The invention will be better understood by considering the following description of the preferred embodiment of the housing of the invention, with reference to the accompanying drawings, in which:
FIG. 1 is a view of the housing in longitudinal cross-section;
FIG. 2 is a view of the underside of the part of the housing which supports the components;
FIG. 3 is a view similar to FIG. 2, after attachment of the support;
FIG. 4 is a top view of the edge of the substrate which is the support of the connector; and
FIG. 5 is a perspective view of the edge of the substrate of FIG. 4, after attachment of the connector.
1. Field of the Invention
The present invention relates to a housing for energy-dissipating electronic components mounted on a double-faced printed circuit board. The circuit board is fastened to a heat-conductive metal substrate, which is integral with the housing. A connector also integral with the housing is electrically connected to the circuit board. The connector is located on the same side of the substrate as the printed circuit.
2. Discussion of Related Art
Today, using a printed circuit board on a heat-conductive metal substrate is frequently proposed as solution for the problem of dissipating the heat of power components. Two sets of copper lands are printed on the either side of a not very thick flexible layer of polymide-type or Kapton-brand insulating material, and the double-faced circuit thus formed is bonded onto the metal substrate. In the field of automobile electronics, for instance, this is referred to as a "power flex board". This field, as well as others, requires products that have high-reliability and low cost even though they are subject to severe operating conditions. Temperature is one of the factors affecting this reliability. For example, the electronic switches for power actuators controlled by an electronic computer, dissipate energy and it is absolutely necessary to cool them in order to preserve their reliability. The power flex boards described above assure the necessary cooling.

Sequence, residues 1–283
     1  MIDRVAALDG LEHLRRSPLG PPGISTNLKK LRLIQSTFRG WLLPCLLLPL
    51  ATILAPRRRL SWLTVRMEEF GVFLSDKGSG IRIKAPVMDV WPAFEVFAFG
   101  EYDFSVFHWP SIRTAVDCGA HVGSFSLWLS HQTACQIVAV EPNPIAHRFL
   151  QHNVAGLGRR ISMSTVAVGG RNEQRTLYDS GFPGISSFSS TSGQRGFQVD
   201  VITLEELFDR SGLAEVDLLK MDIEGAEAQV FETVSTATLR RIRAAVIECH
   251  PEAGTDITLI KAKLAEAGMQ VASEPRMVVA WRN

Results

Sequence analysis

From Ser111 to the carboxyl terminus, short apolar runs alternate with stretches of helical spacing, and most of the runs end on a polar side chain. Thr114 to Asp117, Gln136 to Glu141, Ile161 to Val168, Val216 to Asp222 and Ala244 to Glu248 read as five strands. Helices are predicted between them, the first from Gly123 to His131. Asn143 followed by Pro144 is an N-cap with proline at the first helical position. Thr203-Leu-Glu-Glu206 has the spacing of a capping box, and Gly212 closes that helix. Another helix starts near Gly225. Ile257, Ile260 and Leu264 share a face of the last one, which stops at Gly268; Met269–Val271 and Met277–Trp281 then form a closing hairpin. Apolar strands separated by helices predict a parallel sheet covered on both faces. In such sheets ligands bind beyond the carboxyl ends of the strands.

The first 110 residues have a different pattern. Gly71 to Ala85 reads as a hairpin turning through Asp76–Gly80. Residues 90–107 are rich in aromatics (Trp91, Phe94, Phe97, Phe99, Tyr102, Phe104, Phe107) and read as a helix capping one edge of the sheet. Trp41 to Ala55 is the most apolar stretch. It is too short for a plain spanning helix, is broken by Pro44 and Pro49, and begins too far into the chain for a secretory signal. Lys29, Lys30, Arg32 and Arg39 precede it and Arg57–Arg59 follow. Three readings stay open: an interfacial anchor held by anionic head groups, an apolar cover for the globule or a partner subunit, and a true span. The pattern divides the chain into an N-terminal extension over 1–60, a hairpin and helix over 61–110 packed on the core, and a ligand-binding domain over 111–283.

A problem remains, namely the placement of the connector. Use of SMC-type (surface-mounted component) connectors has been proposed, but it is difficult to solder on the side of the metal substrate where the flexible board is located, as the printed circuit and its components do not withstand two solderings. Soldering the connecting lugs of a conventional connector to one edge of the flex board that protrudes from the metal substrate and then introducing the board-connector assembly into the housing and, finally, to fastening both of them to the housing with screws, clips, or other similar means, has also been proposed. However, this solution also has drawbacks. Between the time when this board connector is assembled by soldering the connections, and the time of its attachment, it undergoes stresses because of the lack of rigidity of the board connector assembly. Thermal resistance between the metal substrate of the board and the housing degrades the reliability of control and drive devices, such as the computer devices referred to above. Finally, the housing must be shaped so as to have a recess, shaped like a tub, to hold the free ends of the connecting lugs of the connector.
The present invention is directed to overcoming all these problems. Thus, it provides a housing of the above mentioned type wherein the metal heat-conductive substrate comprises a cutout adapted to support the connector, which is soldered on the face of the printed circuit that faces the substrate at the location of the cutout.
In accordance with the invention, the connector is fastened to the housing indirectly, via the substrate, and the combination of the printed circuit and the connector assembly is no longer flexible before attachment to the housing. Finally, the conventional connector of the housing in accordance with the invention is used, so to speak, as a reverse SMC component, that is to say, through the use of a printed circuit soldering face opposite that of the SMC components.
The invention permits a conventional connector to be used and fastened rapidly to the substrate. Mounting this connector is thus greatly simplified. After soldering the components and the connector, the rigid assembly can easily be fastened to the housing.
The substrate cutout is preferably provided at the center of an edge. Furthermore, the connector is preferably separated from the dissipative components by an electromagnetic shielding lip. Also, the housing is preferably open on the side of the substrate opposite the side to which the printed circuit is fastened, which eliminates any thermal resistance between the housing and the substrate and improves the heat-dissipation capacity.